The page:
Some walls are placed there by the context we work within
and others we build for ourselves, sometimes without us even knowing it. As
Pink Floyd said, “All in all it was all just bricks in the wall.” Even things
which we consider to be positives like knowledge, experience and age can have
negative influences. As we get older we can begin to be constrained by what we
know and our own thinking. Our own knowledge becomes a wall that we need to
break out of. Seeing new things becomes much more difficult than when we were
young and unconstrained by experience and knowledge.
Understanding (and therefore applying) the Ontologies and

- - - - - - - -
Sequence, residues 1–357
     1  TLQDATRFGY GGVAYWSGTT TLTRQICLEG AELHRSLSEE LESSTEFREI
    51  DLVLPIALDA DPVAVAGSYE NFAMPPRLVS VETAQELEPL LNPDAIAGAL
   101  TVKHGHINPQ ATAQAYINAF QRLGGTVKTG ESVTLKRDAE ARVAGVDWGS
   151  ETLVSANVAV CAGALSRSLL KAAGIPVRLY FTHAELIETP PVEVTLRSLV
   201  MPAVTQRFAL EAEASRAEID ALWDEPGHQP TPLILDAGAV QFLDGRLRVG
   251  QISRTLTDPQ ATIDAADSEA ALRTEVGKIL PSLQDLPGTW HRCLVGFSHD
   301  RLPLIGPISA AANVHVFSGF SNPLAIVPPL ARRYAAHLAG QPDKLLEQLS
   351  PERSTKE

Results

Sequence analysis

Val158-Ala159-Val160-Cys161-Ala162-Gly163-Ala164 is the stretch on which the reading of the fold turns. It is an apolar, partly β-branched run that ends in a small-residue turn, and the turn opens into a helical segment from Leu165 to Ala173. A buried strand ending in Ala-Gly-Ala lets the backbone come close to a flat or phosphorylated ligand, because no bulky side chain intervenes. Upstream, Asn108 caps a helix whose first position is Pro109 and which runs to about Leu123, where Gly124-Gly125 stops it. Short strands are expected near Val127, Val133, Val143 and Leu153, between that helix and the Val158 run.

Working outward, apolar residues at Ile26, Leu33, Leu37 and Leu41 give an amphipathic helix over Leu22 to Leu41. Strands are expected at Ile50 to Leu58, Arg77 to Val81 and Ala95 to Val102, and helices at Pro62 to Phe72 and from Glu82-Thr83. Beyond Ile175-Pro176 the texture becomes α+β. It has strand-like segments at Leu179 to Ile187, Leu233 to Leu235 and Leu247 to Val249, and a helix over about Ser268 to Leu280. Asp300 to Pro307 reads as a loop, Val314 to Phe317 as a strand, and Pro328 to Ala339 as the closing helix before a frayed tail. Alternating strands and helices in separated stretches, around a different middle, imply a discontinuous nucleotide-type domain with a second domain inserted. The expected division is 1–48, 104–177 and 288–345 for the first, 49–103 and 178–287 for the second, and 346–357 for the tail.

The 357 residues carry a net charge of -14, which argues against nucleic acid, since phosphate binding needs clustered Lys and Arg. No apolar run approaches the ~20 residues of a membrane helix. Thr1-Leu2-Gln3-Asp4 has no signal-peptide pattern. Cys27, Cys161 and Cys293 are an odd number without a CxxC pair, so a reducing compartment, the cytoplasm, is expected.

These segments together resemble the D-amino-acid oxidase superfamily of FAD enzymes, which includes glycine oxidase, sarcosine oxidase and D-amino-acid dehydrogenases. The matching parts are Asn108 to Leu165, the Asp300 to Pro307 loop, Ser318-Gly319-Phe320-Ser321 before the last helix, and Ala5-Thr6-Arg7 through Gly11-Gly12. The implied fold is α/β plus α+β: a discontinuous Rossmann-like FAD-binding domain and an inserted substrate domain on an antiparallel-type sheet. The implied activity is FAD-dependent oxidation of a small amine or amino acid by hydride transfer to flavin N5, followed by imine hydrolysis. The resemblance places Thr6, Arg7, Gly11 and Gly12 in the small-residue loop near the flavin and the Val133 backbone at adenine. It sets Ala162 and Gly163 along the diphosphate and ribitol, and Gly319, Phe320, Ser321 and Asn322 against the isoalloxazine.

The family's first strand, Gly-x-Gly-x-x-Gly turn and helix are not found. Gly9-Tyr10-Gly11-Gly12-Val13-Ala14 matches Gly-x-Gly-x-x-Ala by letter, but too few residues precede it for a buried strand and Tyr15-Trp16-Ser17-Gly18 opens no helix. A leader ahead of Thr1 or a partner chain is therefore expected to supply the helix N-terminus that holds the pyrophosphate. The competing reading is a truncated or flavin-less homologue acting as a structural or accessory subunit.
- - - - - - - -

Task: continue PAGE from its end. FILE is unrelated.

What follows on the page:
Frameworks that are part of PF2 requires
seeing through the wall. Recognising that seeing a wall is not inherently a bad
thing. A wall should not be considered to be a dead end. A wall should drive
you to find out what is on the other side of that wall. But it’s not easy. It’s
a bit like being able to see better in the dark. The human eye has rods and cones.
Cones are more proficient at colour detection, whereas rods are better for low
light and detecting movement. Rods and cones are not distributed evenly
throughout the retina though. In the small area on the back of the eye opposite
the pupil there are only cones. Therefore, when trying to see in low light,
trying to look directly at what you want to see is exactly the wrong thing to
do. You need to look past or to the side of it, and “look at it” via your
peripheral vision. Obviously, this takes a great deal of practice for most